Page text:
By FRANK BAJAK
LIMA, Peru (AP) — A shadowy cyber-espionage group that sent malware to the prosecutor whose mysterious death transfixed Argentina early this year has been hitting targets in left-leaning nations across South America, the Internet watchdog group Citizen Lab reported Wednesday.
The breadth and brazenness of the hackers’ activity bear the hallmarks of state sponsorship. So do its targets.
The group has been attacking opposition figures and independent journalists in Ecuador with spyware. It also ran dummy websites. The most elaborate, geared toward Venezuela, is a constantly updated news site featuring dubiously sourced “scoops” on purported corruption among the ruling socialists. In Ecuador, a similarly faux site seemed tailored to attract disgruntled police officers.
The researchers launched the three-month probe after determining that spyware found on the smartphone of Argentine prosecutor Alberto Nisman was written to send pilfered data to the same command-and-control structure as malware sent to targets infected in Ecuador. They said the hackers had a “keen and systematic interest in the political opposition and the independent press” in the three nations, all run by allied left-wing governments. That suggests it may have operated on behalf of one or more of those governments, the 60-page report said.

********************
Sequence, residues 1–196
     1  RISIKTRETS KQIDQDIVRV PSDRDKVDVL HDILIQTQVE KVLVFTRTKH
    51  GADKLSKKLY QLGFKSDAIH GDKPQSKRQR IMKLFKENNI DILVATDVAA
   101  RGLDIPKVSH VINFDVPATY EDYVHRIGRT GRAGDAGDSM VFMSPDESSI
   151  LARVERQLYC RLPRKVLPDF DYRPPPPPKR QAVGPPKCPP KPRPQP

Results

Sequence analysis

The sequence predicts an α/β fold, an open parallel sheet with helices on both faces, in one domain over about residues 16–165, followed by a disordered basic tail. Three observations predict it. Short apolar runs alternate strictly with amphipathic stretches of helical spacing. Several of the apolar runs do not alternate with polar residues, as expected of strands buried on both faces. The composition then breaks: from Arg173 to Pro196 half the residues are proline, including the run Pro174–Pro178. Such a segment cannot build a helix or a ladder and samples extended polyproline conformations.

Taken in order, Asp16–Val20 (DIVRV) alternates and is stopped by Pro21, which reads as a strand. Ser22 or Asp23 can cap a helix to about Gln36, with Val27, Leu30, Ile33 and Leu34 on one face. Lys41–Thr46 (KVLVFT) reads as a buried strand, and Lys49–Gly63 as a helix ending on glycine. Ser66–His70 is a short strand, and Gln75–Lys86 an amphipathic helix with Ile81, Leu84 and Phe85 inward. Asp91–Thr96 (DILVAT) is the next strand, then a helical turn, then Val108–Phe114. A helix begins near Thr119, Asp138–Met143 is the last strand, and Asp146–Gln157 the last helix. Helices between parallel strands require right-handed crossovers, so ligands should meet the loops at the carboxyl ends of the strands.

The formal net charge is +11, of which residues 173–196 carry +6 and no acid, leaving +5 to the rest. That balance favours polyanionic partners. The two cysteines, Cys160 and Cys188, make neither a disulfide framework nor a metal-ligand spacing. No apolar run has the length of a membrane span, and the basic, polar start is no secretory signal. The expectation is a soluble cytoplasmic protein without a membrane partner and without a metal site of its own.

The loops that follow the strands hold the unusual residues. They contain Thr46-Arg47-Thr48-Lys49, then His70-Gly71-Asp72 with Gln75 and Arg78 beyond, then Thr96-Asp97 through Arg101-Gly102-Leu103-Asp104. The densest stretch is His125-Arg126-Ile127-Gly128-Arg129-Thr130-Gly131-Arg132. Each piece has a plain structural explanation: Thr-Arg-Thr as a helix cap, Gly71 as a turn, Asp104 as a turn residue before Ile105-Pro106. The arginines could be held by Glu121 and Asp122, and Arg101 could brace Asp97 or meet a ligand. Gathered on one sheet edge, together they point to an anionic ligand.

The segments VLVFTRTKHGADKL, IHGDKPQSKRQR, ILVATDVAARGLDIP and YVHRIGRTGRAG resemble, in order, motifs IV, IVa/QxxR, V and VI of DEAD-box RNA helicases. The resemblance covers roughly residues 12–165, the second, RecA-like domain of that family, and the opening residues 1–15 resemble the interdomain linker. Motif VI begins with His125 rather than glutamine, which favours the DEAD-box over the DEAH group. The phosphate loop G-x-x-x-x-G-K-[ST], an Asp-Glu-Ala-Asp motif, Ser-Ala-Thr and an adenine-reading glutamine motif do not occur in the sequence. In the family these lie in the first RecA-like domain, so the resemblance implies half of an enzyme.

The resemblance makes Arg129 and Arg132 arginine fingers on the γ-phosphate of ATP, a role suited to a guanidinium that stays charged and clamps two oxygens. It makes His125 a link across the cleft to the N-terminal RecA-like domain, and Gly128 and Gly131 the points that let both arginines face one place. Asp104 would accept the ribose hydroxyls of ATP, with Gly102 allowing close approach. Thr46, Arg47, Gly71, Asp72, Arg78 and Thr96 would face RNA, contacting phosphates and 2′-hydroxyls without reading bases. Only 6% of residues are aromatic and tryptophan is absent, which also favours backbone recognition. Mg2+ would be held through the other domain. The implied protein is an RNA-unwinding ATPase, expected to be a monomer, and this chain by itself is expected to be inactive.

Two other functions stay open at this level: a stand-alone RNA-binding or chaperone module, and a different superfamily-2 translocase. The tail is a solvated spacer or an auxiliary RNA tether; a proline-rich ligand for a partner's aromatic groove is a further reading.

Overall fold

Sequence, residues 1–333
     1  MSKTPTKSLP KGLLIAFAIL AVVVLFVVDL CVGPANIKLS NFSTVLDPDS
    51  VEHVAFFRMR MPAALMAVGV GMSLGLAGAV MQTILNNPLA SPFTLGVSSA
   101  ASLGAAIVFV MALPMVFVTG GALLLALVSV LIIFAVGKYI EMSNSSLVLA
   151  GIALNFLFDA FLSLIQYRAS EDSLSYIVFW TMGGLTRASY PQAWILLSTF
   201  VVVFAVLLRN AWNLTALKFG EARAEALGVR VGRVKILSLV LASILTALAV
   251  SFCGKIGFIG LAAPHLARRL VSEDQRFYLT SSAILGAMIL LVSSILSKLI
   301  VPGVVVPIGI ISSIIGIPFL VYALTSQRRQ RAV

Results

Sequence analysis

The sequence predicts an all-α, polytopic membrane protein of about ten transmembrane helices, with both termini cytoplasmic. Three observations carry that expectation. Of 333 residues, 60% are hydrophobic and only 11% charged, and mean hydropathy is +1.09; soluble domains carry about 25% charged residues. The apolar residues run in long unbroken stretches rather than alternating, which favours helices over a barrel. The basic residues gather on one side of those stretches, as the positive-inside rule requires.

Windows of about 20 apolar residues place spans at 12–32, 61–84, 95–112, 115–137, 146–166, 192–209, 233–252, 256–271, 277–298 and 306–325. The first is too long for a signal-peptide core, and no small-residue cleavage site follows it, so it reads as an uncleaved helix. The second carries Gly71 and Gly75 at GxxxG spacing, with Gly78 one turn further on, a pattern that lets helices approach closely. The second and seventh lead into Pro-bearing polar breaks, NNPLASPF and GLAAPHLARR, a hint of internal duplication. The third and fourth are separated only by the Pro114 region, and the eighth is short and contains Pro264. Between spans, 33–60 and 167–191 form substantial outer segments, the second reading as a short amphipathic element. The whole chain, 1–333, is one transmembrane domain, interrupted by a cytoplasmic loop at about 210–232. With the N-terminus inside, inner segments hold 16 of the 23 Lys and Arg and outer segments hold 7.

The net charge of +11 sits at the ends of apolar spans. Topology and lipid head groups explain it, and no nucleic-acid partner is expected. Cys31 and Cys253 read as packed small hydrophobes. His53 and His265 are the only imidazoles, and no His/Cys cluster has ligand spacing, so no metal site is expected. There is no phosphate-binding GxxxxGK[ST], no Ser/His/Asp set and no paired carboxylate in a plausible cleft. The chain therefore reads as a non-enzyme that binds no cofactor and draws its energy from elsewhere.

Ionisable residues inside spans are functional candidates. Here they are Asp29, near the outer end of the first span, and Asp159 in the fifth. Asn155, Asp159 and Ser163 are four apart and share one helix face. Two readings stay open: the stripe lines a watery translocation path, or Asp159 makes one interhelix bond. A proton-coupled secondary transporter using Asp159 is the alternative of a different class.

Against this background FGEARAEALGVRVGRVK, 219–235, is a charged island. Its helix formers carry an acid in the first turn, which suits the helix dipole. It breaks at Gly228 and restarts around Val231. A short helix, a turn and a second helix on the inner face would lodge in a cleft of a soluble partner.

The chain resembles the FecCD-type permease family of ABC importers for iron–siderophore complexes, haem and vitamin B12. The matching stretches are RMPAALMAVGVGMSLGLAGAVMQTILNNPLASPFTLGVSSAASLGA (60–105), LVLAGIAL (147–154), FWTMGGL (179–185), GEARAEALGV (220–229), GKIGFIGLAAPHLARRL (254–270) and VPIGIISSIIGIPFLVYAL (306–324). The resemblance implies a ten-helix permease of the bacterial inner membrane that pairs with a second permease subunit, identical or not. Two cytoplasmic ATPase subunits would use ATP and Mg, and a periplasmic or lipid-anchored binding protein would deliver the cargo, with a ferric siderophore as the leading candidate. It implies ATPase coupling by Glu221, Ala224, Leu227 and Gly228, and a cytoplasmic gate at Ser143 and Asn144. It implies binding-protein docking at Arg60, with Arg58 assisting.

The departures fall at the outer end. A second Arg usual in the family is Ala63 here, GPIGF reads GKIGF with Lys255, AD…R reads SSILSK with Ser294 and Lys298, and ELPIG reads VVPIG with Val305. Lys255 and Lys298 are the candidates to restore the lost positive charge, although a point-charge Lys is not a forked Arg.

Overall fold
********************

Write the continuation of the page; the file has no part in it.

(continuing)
In September, the hackers threatened a Citizen Lab researcher as he poked around in a U.S.-based machine the group had infected.
“We’re going to analyze your brain with a bullet — and your family’s, too,” read a message that popped up on his computer screen. “You like playing the spy and going where you shouldn’t, well you should know that it has a cost — your life!”
That’s rare behavior among professional hackers, perhaps indicating little fear of criminal prosecution, said Morgan Marquis-Boire, one of the researchers.
In November, the group attempted to infect the computer of an Associated Press reporter, who was also investigating it, with a phishing attack aimed at stealing his Google password.
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